Zillow To Shut Down Tech-Enabled Home-Flipping Operation, Slash Workforce By 25%
Zillow Group has decided to shut down its home-flipping business, Zillow Offers, saying that the algorithmic model the company created to anticipate the movement of home prices simply isn't up to the task.
"We've determined the unpredictability in forecasting home prices far exceeds what we anticipated and continuing to scale Zillow Offers would result in too much earnings and balance-sheet volatility,” Zillow CEO Rich Barton said in a statement.
The shutdown of Zillow Offers will take several quarters and result in Seattle-based Zillow cutting its workforce of roughly 6,400 by about 25%.
Zillow has an inventory of more than 9,800 homes nationwide that it has yet to sell to investors, and another 8,200 that it has already agreed to buy. Zillow Offers has been the company’s largest source of revenue, but it never operated at a profit.
Competitors in the home-flipping game, such as OpenDoor and Offerpad, began to pull back from purchases during the summer, wary of the challenges of predicting market fluctuations, The Wall Street Journal reports.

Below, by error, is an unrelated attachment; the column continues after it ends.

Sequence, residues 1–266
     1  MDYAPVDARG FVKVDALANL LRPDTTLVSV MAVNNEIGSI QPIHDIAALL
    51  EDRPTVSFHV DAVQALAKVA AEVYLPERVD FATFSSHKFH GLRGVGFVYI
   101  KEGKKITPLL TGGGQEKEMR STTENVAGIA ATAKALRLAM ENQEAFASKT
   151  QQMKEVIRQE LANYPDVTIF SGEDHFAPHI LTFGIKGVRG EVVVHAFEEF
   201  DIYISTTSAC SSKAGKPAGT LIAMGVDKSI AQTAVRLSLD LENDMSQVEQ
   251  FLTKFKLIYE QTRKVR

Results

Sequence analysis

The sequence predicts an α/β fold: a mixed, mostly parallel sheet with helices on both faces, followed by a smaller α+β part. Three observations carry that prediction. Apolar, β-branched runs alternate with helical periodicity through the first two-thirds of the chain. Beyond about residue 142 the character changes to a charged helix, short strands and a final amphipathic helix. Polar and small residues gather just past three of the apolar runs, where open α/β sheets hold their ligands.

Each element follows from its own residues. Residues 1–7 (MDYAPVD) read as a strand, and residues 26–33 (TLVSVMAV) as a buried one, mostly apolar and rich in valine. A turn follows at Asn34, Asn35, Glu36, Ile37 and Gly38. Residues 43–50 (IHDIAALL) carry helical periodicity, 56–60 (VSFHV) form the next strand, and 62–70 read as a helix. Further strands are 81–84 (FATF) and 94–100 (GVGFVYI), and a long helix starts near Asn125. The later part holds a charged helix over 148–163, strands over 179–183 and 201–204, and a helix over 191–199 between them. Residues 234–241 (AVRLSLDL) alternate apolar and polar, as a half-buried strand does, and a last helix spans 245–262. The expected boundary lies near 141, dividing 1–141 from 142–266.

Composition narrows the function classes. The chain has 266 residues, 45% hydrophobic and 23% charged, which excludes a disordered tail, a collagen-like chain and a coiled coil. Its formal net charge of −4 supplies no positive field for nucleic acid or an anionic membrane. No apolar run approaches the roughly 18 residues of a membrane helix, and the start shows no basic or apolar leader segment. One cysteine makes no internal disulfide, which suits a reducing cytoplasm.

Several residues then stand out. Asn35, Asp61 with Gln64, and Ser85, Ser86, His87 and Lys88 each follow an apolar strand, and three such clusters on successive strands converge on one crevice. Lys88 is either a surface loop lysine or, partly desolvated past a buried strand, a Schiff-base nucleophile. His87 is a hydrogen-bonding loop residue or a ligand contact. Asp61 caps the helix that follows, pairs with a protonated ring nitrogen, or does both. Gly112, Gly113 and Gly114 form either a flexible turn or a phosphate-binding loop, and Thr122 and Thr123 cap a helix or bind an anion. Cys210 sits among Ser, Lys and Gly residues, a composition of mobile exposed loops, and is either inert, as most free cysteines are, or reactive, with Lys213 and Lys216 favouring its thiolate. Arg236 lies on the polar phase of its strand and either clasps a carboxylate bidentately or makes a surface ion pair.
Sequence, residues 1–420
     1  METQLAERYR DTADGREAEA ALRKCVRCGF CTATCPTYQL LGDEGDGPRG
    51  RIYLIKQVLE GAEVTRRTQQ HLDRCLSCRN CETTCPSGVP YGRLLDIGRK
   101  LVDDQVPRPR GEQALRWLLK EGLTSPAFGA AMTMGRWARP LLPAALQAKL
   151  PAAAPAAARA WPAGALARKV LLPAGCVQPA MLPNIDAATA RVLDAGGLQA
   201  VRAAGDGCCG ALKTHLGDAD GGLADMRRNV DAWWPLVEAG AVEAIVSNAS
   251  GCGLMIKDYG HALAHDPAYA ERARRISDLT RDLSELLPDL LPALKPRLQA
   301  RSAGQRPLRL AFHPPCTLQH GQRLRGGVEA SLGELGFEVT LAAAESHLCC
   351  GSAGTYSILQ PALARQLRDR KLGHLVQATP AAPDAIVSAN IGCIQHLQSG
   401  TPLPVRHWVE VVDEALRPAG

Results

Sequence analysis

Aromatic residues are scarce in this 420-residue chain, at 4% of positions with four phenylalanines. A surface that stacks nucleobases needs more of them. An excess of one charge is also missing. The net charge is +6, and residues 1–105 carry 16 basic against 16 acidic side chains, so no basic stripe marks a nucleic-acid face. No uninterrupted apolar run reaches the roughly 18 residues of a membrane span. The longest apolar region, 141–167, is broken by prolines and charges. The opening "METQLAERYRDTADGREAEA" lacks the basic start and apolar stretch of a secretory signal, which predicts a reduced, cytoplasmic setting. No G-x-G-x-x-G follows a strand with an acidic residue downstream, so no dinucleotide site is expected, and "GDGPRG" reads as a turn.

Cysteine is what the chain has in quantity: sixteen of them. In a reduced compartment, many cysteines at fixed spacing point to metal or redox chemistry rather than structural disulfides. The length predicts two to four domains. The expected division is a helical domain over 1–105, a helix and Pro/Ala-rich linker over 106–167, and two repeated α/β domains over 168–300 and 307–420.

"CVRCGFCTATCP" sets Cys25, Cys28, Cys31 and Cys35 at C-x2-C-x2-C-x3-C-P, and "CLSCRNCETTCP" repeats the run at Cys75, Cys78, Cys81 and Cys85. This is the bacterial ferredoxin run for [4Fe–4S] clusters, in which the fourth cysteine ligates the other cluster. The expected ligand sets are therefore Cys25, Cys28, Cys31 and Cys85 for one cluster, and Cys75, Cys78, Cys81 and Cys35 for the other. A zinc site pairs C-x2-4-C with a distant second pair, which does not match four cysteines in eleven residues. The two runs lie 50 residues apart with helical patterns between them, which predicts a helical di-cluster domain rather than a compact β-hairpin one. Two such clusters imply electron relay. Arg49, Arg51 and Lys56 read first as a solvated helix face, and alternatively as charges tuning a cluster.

A little more than a month ago, Zillow said it was going to hit pause on buying houses through Zillow Offers until 2022, citing a lack of labor necessary to do the quick renovations that home-flipping entails.
Zillow's foray into home flipping proved to be costly. In the company's third-quarter report, it noted a write-down of about $304M as a result of purchasing homes in Q3 at higher prices than the company's current estimates of future selling prices. Altogether, the company reported a loss of $328M for the third quarter of 2021.
The company also expects an additional $240M to $265M of losses during Q4 primarily on homes it has agreed to purchase in Q4.
Investors sold Zillow stock on Tuesday, driving its price down about 11.5% by the end of the day to $85.48 per share. Shares traded for more than $200 each in February.
Single-family houses have been of special interest to real estate investors recently, though many of them are pursuing a buy- (or build-)and-hold model that assumes a growing need for rental properties, and doesn't necessarily need to predict which way valuations will go.
For instance, in June, Blackstone Real Estate Income acquired Home Partners of America, which owns and manages more than 17,000 single-family rental houses, for about $6B.
About 6% of new single-family homes are developed specifically to be rented. If that rate of development doesn't change, about 700,000 new single-family housing units for rent will be developed by the end of the 2020s.